Tired of walled gardens and increased limitations of Chrome extensions, I'm building enough of the web extensions API to let me run them in my own desktop browser. Eventually I plan to build products from this project.

    https://github.com/samuelmaddock/electron-browser-shell

  • GitHub repo vopono

    Run applications through VPN tunnels with temporary network namespaces

    vopono - a tool to run individual applications through VPN connections on Linux: https://github.com/jamesmcm/vopono

    I wrote it based on some scripts I had, and then added Wireguard support and configuration generation.

    I'm now working on making a proper backend so it can be used as a library (i.e. to run a few requests through different VPN connections, e.g. for web scraping for websites with geolocation-sensitive content), and also to learn a lot more about Linux system calls.

    Eventually I'd like to expand that to use the network namespaces and firewall rules to allow for different virtual network configurations so I could use it for testing out distributed systems development too.

  • GitHub repo aiohttp_radio

    web interface to mpd/icecast radio

    Had a lot of them. Like radio which utilizes mpd. Music can be added via youtube links of uploading. You could vote and talk in a chat. And had telegram bot integration. Had to shut it down, but it's opensource https://github.com/pawnhearts/aiohttp_radio

  • GitHub repo decent-signal

    A decent WebRTC signalling library.

    I was building a small library [1] for WebRTC signalling by sending the signalling messages over Matrix (or Signal or Discord in future). Once the signalling is completed, the connection could be utilised for anything like peer to peer games, drawing boards, or just plain old chatting.

    [1] decent-signal: https://github.com/theawless/decent-signal

  • GitHub repo distribyted

    Torrent client with HTTP, fuse, and WebDAV interfaces. Start exploring your torrent files right away, even zip, rar, or 7zip archive contents!

    A torrent client that exposes torrent content as files: https://github.com/distribyted/distribyted

    It's pretty fun to work on it and implement new use cases. Right now it supports FUSE mounts, but I'm thinking to make it work as a WebDAV server too.

    Also, I'm working on several demos, like SQLite compatibility, similar to https://github.com/lmatteis/torrent-net, or CSV analysis using Jupyter notebooks for huge datasets like https://ghtorrent.org/

  • GitHub repo dollar

    fully decentralized self-stabilizing dollar. (by cinquemb)

    Working on modeling behavior of economic agents of defi seigniorage algo stablecoins with a couple of others in discords: https://github.com/cinquemb/dollar/tree/dsd-protocol-modelin...

    A big problem I see now is that lot of "positive" changes being added to existing protocols aren't backed by anything but existing holders beliefs that they will work, and being able to simulate changes/forks on local testnets agaisnt will make it easier to objectively say why an additional will be better/worse than another protocol/previous/future protocol changes.

  • GitHub repo mixdown

    A declarative audio mixer for web games.

    I thought most WebAudio wrapper libraries aimed at games were kind of useless or only really designed for simple usecases so I wrote my own. Also partly as an excuse to learn TypeScript and the horrendous web build architecture better.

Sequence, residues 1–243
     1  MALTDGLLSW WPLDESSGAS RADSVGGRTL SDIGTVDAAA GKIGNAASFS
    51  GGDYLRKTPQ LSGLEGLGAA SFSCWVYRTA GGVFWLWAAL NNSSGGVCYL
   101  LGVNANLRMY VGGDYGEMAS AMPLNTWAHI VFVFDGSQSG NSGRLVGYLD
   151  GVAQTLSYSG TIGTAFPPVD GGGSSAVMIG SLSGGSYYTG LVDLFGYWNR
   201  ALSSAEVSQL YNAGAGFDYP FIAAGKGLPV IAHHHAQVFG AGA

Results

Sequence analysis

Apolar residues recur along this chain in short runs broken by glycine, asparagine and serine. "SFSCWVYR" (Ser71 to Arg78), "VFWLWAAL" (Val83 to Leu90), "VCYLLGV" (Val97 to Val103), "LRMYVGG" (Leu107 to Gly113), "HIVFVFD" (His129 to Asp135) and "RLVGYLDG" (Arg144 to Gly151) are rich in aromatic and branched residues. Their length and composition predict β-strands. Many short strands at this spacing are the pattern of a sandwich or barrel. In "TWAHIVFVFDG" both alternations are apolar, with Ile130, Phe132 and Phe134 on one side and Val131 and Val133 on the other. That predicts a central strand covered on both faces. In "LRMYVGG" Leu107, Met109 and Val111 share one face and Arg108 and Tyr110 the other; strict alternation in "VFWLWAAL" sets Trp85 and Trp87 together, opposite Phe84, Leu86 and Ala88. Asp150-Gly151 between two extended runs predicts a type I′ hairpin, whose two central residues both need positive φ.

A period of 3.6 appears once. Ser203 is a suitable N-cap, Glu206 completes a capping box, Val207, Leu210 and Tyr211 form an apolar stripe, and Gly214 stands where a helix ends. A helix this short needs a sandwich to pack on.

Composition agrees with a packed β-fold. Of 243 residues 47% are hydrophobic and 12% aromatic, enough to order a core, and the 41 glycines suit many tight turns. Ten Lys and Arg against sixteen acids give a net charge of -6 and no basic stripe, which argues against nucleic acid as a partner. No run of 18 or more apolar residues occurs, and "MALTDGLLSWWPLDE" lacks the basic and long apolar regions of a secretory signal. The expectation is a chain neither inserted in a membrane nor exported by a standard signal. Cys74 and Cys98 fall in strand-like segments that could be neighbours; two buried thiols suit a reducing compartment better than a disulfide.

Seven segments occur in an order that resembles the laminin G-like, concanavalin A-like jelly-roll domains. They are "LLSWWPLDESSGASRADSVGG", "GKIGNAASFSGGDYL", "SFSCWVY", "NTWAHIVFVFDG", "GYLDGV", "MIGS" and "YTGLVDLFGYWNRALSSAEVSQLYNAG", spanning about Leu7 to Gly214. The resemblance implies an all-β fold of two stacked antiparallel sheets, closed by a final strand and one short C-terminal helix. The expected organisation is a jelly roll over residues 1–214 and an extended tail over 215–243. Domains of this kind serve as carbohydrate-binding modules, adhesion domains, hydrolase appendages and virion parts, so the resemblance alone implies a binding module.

https://github.com/meheleventyone/mixdown

    It's been on a bit of a hiatus from development because I've been busy with other parts of another project.

  • GitHub repo Arthur

    How to build your own AI art installation from scratch [Moved to: https://github.com/maxvfischer/DIY-ai-art]

    When I set out to learn new skills, I usually try to wrap them in a project. I also try to document and open-source the whole process, both for my own learning, but to enable other to leverage my failures and learnings.

    Here are the projects I've done so far:

    https://github.com/maxvfischer/Arthur An AI art installation I built from scratch using a GAN network, Samsung The Frame, a button and a PIR-sensor (including, code, images and tutorial). The main draft is almost done, but quite some polishing to do.

    https://github.com/maxvfischer/shibusa An automatic Zen Garden drawing infinite patterns in sand. Using stepper motors, inverse kinematics and a Raspberry Pi Zero W (including, code, images and tutorial). I'm almost done building the robot, but still have quite some implementation to do. Also, the guide is far from done, I've mostly uploaded images so far.

    https://github.com/maxvfischer/DIY-arcade A full-size Arcade Machine I built from scratch (including, code, images and tutorial). I don't know where you draw the life of "half baked". It's done, but there's a lot of improvements that can be done.

  • GitHub repo singyeong

    신경 - Cloud-native messaging/pubsub with powerful routing

    My message queue https://github.com/queer/singyeong It's been closer to research into how things could work than a project meant to be used in prod, and I've learned a ton from it.

  • GitHub repo listudy

    Listudy - chess training server

    Listudy - https://listudy.org/en

    I created this as a tool for me to memorize chess openings. Since then I added more tools like tactics and endgames where I took theoretical winning endgame positions with the challenge to beat stockfish in them.